|Doy, Alex, Nik Ranieri, Ross Anderson, Burny Mattinson, Max Howard, Charles Fleischer, Andreas Deja|
Who Framed Roger Rabbit was released in the summer of 1988, making the movie 31 years old this year. A couple of weeks ago at Disney in Los Angeles we had a brief informal reunion with some the people who worked at the film, hosted in the Rotunda Building by Disney marketing head Howard Green. Lead animator Andreas Deja was there, as well as Burny Mattinson, officially the longest serving employee of The Walt Disney Company, Producer Max Howard, Charles Fleischer, the voice of Roger Rabbit, Ross Anderson, who has written the history of the film, animator Nik Ranieri, and me.
Pulling a Rabbit Out of a Hat
Author and animation historian Ross Anderson was there promoting his recently-published book - Pulling a Rabbit Out of a Hat - The Story Behind the Making of Who Framed Roger Rabbit. Ross's book is the definitive story of the making of the film.
To get a feel for the book, and to see what the content is like, Ross has put together a website full of stories about the making of the film.
Some of my favourite posts include this one about the ACME warehouse, filmed in a bus shelter a short walk from my own house in London.
My job on Who Framed Roger Rabbit was my first job in the industry. It was 1987, and I was 20 years old. I was at university at the time and I started out on the film working for free over my Easter holidays, what would now be called an unpaid internship. I began work as an "in-betweener", the trainee artist who did the "in-betweens"; the drawings that the animator didn't have the time or inclination to do. After a while they started to pay me, and later I became a full-time assistant animator. By the time the project was over I had been assigned some animation of my own, mostly on crowd shots.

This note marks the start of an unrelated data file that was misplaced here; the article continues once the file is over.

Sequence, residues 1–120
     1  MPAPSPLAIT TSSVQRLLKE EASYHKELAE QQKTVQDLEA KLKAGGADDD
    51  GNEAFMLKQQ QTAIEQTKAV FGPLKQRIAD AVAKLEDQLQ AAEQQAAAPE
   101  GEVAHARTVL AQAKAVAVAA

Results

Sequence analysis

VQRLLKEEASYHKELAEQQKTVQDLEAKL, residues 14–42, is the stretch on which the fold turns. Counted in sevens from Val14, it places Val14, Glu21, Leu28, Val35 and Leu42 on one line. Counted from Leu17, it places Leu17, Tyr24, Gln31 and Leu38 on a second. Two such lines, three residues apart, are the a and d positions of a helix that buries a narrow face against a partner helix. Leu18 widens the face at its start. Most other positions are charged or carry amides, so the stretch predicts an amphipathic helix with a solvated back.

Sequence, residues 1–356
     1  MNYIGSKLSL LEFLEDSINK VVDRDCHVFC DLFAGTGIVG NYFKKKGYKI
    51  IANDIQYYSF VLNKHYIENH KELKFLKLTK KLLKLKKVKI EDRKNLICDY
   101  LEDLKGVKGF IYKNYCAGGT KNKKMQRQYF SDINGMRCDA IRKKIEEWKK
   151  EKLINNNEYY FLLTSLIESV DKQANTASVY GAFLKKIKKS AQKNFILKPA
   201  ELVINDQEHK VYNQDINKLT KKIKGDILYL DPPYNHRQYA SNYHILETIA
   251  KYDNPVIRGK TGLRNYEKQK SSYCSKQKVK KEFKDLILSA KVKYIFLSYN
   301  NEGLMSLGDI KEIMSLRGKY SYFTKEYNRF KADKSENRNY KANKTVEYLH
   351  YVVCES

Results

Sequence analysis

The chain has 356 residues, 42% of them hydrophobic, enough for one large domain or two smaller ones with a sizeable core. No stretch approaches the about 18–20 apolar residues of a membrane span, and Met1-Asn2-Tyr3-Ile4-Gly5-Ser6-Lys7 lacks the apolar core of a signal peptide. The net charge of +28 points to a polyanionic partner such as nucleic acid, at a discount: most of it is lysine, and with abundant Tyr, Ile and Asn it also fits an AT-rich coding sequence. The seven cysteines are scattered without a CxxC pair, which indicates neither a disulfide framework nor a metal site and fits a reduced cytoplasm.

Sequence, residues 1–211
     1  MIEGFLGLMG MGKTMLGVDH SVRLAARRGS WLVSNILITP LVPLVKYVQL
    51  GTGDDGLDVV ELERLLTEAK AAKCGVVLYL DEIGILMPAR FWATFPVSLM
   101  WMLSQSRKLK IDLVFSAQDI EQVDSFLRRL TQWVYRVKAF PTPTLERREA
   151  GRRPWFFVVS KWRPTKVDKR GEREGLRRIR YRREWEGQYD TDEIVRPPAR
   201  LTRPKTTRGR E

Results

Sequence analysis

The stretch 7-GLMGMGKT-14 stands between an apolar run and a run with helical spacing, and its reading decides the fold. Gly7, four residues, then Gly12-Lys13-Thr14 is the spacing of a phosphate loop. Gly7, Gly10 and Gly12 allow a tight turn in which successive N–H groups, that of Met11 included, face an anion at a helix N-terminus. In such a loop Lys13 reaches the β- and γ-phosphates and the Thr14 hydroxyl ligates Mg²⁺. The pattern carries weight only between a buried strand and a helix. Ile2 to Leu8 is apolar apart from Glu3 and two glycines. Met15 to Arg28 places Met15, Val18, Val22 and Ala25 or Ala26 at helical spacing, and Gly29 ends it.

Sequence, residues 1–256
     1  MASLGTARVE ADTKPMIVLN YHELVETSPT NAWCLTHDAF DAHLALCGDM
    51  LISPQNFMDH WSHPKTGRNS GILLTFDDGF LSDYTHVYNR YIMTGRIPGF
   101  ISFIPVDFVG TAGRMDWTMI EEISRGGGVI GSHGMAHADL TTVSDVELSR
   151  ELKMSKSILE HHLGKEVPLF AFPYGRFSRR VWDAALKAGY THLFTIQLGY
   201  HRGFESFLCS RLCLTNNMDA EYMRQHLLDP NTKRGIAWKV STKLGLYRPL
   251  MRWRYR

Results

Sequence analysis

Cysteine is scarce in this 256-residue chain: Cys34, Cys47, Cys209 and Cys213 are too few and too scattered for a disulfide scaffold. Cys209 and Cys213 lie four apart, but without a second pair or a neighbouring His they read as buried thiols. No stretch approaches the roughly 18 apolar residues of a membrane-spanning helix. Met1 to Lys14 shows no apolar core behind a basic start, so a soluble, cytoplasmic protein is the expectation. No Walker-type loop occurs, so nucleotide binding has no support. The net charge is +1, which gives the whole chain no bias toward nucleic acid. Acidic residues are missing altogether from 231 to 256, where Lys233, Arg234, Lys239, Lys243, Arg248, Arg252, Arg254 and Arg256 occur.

Two summers later, in 1989, I got to work on RollerCoaster Rabbit, a short film made at the Disney Studio in Florida, under the careful guidance of director Rob Minkoff. You can see a couple of shots below.
Breaking into the animation industry
Despite all the changes in our industry in the last 30 years, some things remain the same: it is still the case that, as a junior artist, your best chance of landing that elusive first job is to find a big production that is crewing up and needs a lot of artists. To read more about getting hired in into the animation industry - read this blog post.
You can buy Ross's book in hardback or paperback at amazon.co.uk. We also have a copy in the animation library at Escape Studios, in the history section.
The Escape Studios Animation Blog offers a personal view on the art of animation and visual effects. To find out more about our new BA/MArt, now recruiting for September 2020, follow this link. To apply, visit the official page here.